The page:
According to the Daily Telegraph, McDonald’s has “pulled off one of the marketing coups of the year” by signing up more than 230,000 NSW students to its maths tutoring program.

The paper says that 46 per cent of the state’s secondary students have registered for the Maths Online tutoring program. Nationally, more than a third of Australia’s 1.46 million secondary students have registered for the program since March this year.

When students open the program on computers they see the McDonald’s logo and the words: “Proudly provided by your local McDonald’s restaurant.”

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Federal Education Minister Julia Gillard has reportedly commended the firm. And she’s a former Opposition health spokeswoman!

It really makes you wonder whether all the talk about cross government action to tackle obesity is just that. Talk. And pretty insincere talk at that.

So what do the public health crowd think?

Nutritionist Dr Rosemary Stanton writes:

“Parents have a right to know why the education of their children has passed from the government to vested interests.

McDonald’s haven’t sponsored this (and other) programs out of the goodness of their hearts. They want customers. Their sponsorship of this program also means that teachers won’t feel free to criticise McDonald’s, their products and even their marketing methods.

It’s also unlikely that governments who are now obligated to McDonald’s will do anything to bite the hand that feeds them. And our young trusting children will also think McD’s are good guys – or their teachers and parents wouldn’t endorse their products.

Are our education departments really so thick that they can’t see through this? And are we happy for sell our children to McDonalds?”


Jane Martin, a Senior Policy Adviser to the Obesity Policy Coalition and Professor Elizabeth Waters from the University of Melbourne, write:

“The Maths Online tutoring program is ostensibly supported by local McDonald’s stores, however it is likely McDonald’s funded the website and its development, and paid for expensive advertisements on prime time television – adding value to their positioning around corporate social responsibility.

Obesity prevention groups are concerned about this development because McDonald’s is in the business is selling burgers and fries, not education. This is a backdoor way to ensure that their branding reaches children, under the guise of education.

If the company was truly serious about providing tutoring to children, they should do this without using the distinctive McDonald’s branding.

The reach of the program, outlined in the press today, illustrates what good value this is for McDonald’s – particularly to target secondary school children.

This is a group who have more independence with their food choices as they are less likely to be under the control of parents and beginning to make independent decisions about what they eat, and how they spend their money, when they are out with their friends.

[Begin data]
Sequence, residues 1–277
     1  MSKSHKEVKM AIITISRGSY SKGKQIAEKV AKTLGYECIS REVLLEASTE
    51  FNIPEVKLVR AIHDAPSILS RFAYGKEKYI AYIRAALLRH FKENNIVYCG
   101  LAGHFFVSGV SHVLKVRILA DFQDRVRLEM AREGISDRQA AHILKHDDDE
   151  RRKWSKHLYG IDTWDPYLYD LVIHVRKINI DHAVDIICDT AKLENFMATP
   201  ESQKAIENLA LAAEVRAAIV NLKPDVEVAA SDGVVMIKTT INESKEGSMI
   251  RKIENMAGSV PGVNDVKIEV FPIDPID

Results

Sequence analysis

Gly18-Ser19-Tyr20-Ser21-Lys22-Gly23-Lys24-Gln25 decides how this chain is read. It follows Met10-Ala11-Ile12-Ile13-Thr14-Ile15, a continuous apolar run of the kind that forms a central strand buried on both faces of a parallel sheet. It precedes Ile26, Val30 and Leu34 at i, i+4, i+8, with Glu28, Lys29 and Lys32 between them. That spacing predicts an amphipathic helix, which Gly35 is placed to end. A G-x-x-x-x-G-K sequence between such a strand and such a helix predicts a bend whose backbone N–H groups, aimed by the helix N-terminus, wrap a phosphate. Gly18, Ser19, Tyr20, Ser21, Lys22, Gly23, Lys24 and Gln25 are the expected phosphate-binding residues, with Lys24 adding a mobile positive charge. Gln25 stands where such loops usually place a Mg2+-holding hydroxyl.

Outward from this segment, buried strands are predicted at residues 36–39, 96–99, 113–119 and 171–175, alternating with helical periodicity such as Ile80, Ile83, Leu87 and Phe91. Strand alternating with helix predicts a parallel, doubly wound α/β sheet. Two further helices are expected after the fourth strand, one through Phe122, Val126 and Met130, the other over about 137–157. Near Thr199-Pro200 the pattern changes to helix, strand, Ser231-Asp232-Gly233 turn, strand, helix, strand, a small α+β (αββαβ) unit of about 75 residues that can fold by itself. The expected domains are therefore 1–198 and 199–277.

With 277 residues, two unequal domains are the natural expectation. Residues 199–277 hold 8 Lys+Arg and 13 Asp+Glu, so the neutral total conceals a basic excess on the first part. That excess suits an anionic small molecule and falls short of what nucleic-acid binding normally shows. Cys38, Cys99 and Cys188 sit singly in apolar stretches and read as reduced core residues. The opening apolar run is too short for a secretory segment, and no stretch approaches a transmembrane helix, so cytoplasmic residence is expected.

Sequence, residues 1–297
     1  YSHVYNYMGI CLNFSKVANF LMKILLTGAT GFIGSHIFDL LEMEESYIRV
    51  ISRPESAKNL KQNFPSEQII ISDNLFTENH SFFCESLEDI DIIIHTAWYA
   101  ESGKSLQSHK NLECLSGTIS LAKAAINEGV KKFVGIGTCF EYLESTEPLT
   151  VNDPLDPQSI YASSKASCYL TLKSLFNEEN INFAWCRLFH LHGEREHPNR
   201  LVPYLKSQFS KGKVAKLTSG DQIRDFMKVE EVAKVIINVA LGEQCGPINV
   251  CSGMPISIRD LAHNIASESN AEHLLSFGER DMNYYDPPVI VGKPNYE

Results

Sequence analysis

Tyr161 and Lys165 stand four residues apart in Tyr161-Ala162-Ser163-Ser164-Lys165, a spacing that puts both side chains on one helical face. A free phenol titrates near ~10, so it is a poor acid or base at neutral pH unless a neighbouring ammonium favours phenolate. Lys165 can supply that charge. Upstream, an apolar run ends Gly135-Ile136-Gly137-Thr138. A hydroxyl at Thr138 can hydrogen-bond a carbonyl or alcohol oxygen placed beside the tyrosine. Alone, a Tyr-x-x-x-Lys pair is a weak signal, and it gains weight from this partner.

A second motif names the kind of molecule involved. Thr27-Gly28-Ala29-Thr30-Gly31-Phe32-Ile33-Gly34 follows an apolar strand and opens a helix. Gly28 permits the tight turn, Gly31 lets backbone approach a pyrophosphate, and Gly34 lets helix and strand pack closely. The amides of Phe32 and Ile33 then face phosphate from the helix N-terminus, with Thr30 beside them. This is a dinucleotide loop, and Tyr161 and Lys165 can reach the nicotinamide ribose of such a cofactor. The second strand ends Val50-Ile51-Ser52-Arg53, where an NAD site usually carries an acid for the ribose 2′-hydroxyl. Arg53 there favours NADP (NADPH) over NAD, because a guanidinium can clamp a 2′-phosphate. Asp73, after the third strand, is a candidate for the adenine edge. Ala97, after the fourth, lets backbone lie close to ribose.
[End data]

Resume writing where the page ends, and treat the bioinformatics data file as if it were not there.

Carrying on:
The recommendations of the recently released Preventative Health Taskforce strategy have acknowledged the importance of protecting children from the promotion of unhealthy food.  This example illustrates how the internet and educational programs are being utilized by fast food companies to reach and influence young people. This is an underhanded way to create and build a relationship with young people and the McDonald’s brand.

This is a situation which is more common in the United States, but likely to be something that we see more of if restrictions are phased in on junk food marketing to children through commercial television.”

PostScript: Jane Martin and Elizabeth Waters have sent in this additional comment:

“There is also evidence that migrant families new to Australia, and those with low literacy, may think that these sponsored programs mean that schools and governments support McDonalds and implies that McDonalds products are healthy.  This “halo” effect is similar to when McDonalds is placed in children’s hospitals – people think that the franchise provides financial support to the hospital, that the food is healthier and its presence means they are also more liklely to purchase the fast food.

Many schools, including those in NSW, have introduced policies and programs in these settings to ensure consistency in the approach around the promotion of healthy lifestyles.  This is undertaken by ensuring a healthy food supply in schools, through the curriculum and within broader school community.  The relationship with McDonalds and the educational curriculum creates inconsistency and undermines these policies and messages.”

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Peter Fray
Peter Fray
Editor-in-chief of Crikey
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